The sled suddenly grew lighter, as I looked back, I saw Feneshi being lifted away from the back of my sled and torn apart.

I cried out his name and almost turned back. I wanted to avenge him, to do something but no, there is nothing that a man can do to a Thrum.

We sped a way, regrouped and continued on. There was no time for tears.

Skree

Eachigo died without honor. The Skree penetrated his back and then leapt to Gamelo. The Skree move faster than any man can react to. Our blades flashed over Gamelo’s head in a vain attempt at intercepting it by chance. It was to no avail, the Skree pierced his chest, killing Gamelo and detonating the shaped charge in his armor. Two dead for one Skree. If Eachigo hadn’t turned to run, his shaped charge would have killed the Skree and Gamelo would have lived.

I called to my squire. “Boy! More blades!” Feneshi, my squire was a good lad. He pulled the blade cores from his belt and snapped them into their holders. “More juice too.” I reminded him, as if I needed to.

“Yes sir.” He replied and quickly ejected the power core from my back and put in a new one.

Then we heard another one coming. “Stand back Feneshi!” I cried as I pushed him down. My first blade blazed but the blight that hung in the air was getting in the way.  The other knights fired their first blades off. By fortune, one of the beams sliced into the approaching Skree, cutting it in half.

“We have to get out of this blight forest! They never used to chase us into the blight!” I called out. “Drop anything we won’t need, leave the spent blades and cores. Maybe we can retrieve them later but I fear there is a Thrum here.”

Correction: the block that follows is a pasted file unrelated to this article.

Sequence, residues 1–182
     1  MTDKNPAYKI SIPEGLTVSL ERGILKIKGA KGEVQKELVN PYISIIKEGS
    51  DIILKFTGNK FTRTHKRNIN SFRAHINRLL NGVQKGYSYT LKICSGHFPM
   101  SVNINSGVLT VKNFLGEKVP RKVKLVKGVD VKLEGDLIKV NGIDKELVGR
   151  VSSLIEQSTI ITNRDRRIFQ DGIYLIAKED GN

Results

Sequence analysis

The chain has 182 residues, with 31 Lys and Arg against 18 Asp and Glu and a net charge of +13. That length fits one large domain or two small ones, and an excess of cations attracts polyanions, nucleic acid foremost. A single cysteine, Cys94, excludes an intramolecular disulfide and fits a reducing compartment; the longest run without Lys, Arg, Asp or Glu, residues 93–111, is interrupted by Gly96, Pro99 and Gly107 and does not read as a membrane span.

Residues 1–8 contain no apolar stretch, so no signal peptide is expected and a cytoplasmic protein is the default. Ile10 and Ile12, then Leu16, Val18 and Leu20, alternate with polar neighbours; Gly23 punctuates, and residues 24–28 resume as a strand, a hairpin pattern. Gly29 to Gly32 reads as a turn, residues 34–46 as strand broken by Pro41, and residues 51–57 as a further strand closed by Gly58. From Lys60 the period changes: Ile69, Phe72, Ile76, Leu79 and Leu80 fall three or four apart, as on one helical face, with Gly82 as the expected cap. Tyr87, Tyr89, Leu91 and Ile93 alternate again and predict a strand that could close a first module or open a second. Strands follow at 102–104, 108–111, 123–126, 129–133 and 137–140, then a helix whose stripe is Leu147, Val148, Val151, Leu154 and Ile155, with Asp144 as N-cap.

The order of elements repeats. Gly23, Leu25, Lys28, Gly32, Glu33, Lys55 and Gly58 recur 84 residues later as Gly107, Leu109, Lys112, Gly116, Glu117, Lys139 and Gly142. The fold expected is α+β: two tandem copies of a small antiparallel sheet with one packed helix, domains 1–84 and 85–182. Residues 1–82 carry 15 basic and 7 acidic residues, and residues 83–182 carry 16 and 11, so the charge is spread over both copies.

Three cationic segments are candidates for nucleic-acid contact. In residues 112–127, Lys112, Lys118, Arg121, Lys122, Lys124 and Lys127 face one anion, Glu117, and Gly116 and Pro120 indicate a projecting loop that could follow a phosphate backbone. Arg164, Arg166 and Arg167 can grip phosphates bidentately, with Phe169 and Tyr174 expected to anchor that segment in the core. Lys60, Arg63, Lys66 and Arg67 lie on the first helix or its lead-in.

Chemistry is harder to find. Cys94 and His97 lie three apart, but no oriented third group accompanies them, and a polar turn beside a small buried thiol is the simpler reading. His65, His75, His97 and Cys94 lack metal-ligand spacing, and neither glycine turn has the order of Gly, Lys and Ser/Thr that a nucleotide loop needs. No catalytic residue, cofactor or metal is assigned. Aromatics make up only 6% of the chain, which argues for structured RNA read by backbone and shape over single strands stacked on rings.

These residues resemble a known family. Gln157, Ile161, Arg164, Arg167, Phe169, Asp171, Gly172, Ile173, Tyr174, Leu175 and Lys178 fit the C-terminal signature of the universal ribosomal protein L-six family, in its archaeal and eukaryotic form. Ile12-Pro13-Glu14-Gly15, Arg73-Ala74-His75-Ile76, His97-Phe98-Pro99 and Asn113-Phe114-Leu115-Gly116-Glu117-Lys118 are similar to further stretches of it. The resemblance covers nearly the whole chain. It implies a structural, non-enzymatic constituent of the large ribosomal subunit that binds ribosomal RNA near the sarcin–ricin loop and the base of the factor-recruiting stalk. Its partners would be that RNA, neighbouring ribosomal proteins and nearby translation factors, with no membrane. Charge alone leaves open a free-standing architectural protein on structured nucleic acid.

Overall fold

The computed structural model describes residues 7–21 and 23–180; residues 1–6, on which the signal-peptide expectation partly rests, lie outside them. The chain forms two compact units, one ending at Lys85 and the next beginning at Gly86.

The men’s faces turned white at the suggestion. “Surely sir, not in the blight. How will we travel?”

“It’s only been a matter of time before they learned about us coming here. It will make bringing back the new colony even harder, even more will die on the trip. The floating blight slowly kills off anything that comes near to it, so I for one have never been comfortable coming here. If the Skree and the Thrum don’t kill us, the blight surely will.” I shook my head. “You’ve left the extra supplies? Good, lets move out. We’ll travel through the burnt forest. It will give us some protection. Keep your ears sharp”

Zecho took my shoulders “Bachui, I’ve followed you for five years and I trust your judgement, but the Thrum love the burnt forest. Wouldn’t it be better to travel through the plains where the Thrum don’t have anywhere to hide? Yes there will be Skree, but we have a chance of defending against them. With a Thrum, a hundred men would not be enough and we are now six.”

I put my hands on his shoulders in return, looking him in the eyes. “I understand your fear Zecho but we will have to move slowly through the plains so we can hear the Skree coming. We may be able to out run a Thrum. There’s a better chance that at least some of us will make it back to the city and report to Lord Hishi while there is still enough time to act. If we take too long, then we have failed our mission. It has to be the forest.” I surveyed the faces of the knights and the squires. It was an unpopular choice and I feared that they would not follow but a look of determination slowly came over their faces as they nodded to indicate their support.

“To the forest then” Zecho said with a face of stone.

Star Punk

Star Punk

Star Punk

For 2013 24hr contest entry, my game is a space opera without limits. In Star Punk the players get to collectively define major technologies of the game setting. There’s no limits to what the players are able to choose as their traits. Go munchkin on it or create some kind of balance to your abilities. It’s up to you where the game goes.

To create the pocketmod, print out the page and then fold it according to these instructions.

This is my first game to include a full index! Only the rest of the game is only seven (actually 6) pages. Hey, it was part of the contest to have an index.